California’s Los Angeles County has released 1,700 inmates, or about one out of every 10 inmates, in response to the new CCP virus.
The Epoch Times refers to the novel coronavirus, which causes the disease COVID-19, as the CCP virus because the Chinese Communist Party’s coverup and mismanagement allowed the virus to spread throughout China and create a global pandemic.
Sheriff Alex Villanueva said that approximately 1,700 inmates were released as of the end of business Monday, lowering the jail population by roughly 10 percent.
All of the inmates had fewer than 30 days left on their sentences and were in jail because of nonviolent misdemeanors.
“At this point now, the process is a lot harder because now we’re getting into the weeds of pretrial detention,” he said.
Officials at the sheriff’s office are working with prosecutors and public defenders to try to curb appearances from inmates in court.
Asked if he expected to release additional inmates, Villanueva didn’t rule it out but said, “Not any big amount.”
“It’s not going to move the needle as much as we’ve done. All the low-hanging fruit, we’ve already picked it,” he added.
Any inmates in jail for violent crimes “will not be released under any circumstances,” according to the sheriff.
No confirmed cases of the virus exist in the jail system and the inmates are being screened before they’re released.
District Attorney Jackie Lacey told prosecutors last week to work to decrease the number of inmates in both jails and courthouses to try to slow the spread of the virus.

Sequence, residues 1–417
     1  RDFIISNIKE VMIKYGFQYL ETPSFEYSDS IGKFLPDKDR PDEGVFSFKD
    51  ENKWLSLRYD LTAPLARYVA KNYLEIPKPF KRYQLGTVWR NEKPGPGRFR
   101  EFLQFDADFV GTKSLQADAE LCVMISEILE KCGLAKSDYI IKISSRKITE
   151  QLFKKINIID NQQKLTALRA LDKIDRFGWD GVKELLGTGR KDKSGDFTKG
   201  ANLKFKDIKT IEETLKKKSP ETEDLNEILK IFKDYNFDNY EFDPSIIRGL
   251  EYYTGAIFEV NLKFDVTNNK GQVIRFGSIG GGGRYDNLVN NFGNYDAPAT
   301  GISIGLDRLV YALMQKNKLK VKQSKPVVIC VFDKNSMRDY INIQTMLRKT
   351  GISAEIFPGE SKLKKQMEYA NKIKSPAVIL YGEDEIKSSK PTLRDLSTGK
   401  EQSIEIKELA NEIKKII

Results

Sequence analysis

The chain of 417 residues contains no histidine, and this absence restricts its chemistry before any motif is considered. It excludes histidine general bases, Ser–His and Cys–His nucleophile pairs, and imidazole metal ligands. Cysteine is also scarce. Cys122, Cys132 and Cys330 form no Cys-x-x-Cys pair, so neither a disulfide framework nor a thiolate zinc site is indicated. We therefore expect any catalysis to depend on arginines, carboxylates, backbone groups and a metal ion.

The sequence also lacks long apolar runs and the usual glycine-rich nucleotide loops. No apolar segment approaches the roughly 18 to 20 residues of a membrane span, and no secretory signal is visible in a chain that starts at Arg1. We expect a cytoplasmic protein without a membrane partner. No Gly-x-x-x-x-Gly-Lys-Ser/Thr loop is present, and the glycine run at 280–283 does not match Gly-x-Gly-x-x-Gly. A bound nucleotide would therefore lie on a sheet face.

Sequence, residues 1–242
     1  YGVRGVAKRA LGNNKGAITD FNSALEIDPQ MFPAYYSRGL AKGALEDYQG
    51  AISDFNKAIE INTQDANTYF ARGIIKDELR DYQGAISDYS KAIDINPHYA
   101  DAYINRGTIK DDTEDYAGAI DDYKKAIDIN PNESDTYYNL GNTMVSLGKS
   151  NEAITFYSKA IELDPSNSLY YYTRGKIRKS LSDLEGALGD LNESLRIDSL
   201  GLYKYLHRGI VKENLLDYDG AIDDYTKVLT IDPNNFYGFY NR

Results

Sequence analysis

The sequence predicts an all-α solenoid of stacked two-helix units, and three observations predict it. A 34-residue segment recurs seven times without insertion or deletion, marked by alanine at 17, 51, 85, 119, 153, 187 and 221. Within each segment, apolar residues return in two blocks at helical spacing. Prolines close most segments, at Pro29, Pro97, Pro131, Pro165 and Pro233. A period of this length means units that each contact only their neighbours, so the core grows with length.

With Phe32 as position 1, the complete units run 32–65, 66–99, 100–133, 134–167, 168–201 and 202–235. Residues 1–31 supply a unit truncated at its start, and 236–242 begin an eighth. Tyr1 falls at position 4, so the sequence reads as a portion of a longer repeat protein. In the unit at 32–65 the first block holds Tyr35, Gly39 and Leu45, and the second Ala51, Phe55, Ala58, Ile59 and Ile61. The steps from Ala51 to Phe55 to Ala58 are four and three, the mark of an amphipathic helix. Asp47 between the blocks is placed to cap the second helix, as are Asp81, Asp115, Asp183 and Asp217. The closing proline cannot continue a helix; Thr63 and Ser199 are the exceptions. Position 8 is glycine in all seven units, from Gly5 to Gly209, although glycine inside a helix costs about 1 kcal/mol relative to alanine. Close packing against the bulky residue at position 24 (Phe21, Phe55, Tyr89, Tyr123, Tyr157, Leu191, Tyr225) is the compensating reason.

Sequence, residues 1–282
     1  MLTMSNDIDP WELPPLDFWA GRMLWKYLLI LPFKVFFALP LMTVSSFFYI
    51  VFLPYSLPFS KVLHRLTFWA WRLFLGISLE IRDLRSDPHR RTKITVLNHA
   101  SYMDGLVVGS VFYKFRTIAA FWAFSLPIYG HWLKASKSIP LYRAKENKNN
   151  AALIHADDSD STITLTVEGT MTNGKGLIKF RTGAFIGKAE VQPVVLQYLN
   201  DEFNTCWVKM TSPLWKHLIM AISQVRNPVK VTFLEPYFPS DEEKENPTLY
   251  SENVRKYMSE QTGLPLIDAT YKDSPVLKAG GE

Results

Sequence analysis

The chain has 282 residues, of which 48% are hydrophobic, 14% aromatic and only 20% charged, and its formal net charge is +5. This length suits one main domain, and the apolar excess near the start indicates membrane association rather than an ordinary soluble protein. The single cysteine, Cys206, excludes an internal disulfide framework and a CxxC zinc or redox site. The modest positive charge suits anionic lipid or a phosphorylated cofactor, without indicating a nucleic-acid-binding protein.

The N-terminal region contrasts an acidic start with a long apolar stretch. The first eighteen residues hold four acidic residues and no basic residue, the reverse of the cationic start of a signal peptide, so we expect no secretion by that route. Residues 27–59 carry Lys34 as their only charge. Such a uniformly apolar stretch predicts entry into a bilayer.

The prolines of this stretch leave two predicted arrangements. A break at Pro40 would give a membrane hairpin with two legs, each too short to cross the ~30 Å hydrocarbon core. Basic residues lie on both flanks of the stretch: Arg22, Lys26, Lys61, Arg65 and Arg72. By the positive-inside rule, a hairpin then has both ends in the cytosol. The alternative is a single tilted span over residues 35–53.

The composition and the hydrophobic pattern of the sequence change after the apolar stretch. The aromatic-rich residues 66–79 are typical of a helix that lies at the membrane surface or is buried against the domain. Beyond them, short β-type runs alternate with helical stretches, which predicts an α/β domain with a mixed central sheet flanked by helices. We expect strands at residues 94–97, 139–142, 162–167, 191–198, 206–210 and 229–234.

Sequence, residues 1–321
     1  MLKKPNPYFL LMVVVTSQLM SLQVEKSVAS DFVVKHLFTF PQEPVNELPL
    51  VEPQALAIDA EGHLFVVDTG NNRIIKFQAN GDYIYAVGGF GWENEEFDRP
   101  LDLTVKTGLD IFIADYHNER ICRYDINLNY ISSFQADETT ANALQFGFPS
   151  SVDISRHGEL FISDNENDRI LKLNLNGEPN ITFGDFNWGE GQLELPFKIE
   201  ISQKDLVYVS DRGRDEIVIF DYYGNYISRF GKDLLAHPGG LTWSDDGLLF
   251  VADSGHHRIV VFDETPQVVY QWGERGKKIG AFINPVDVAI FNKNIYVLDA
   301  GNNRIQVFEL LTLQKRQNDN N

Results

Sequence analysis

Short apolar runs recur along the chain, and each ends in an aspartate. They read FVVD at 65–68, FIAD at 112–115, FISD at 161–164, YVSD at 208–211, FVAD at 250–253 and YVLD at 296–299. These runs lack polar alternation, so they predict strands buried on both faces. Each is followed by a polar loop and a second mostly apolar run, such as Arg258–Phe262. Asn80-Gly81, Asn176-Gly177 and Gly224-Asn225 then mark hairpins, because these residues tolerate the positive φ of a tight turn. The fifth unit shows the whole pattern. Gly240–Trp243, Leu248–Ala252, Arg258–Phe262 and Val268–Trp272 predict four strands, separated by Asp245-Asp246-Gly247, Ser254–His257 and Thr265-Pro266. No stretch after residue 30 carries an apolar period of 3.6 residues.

“I have asked my attorneys to consider the health risks in every decision they make,” Lacey said. “I have directed them to consider ways to keep nonviolent felony and misdemeanor offenders out of our jails and courthouses during this pandemic.”
Prosecutors were told to delay the filing of new cases and re-evaluate pretrial cases to let nonviolent criminals who don’t pose a danger to the community to remain outside the justice system during the COVID-19 pandemic.
Lacey said she was working with Villanueva and other officials in reviewing approximately 2,000 cases of inmates to see if they could be released.
Law enforcement is making other moves, such as shifting 1,300 deputies from assignments that are not essential to the field to augment the personnel that are already in the field, Villanueva said.
Officers are focusing on patrolling supermarkets and big box stores and helping out those who are disabled.
Attempts to Close Gun Stores Halted
Villanueva’s office was attempting to shut down gun stores across the county, an effort that the sheriff defended during the press conference.
The attempts to close stores didn’t violate the Second Amendment because “it’s not an issue of banning the sales of guns,” the sheriff said.
Villanueva told Fox LA later in the day that county counsel Mary Wickham issued an opinion that gun stores can be classified as essential businesses under Gov. Gavin Newsom’s statewide executive order.
The sheriff’s office is trying to get clarification on how gun stores should be classified.
No businesses have received citations so far, Villanueva told reporters.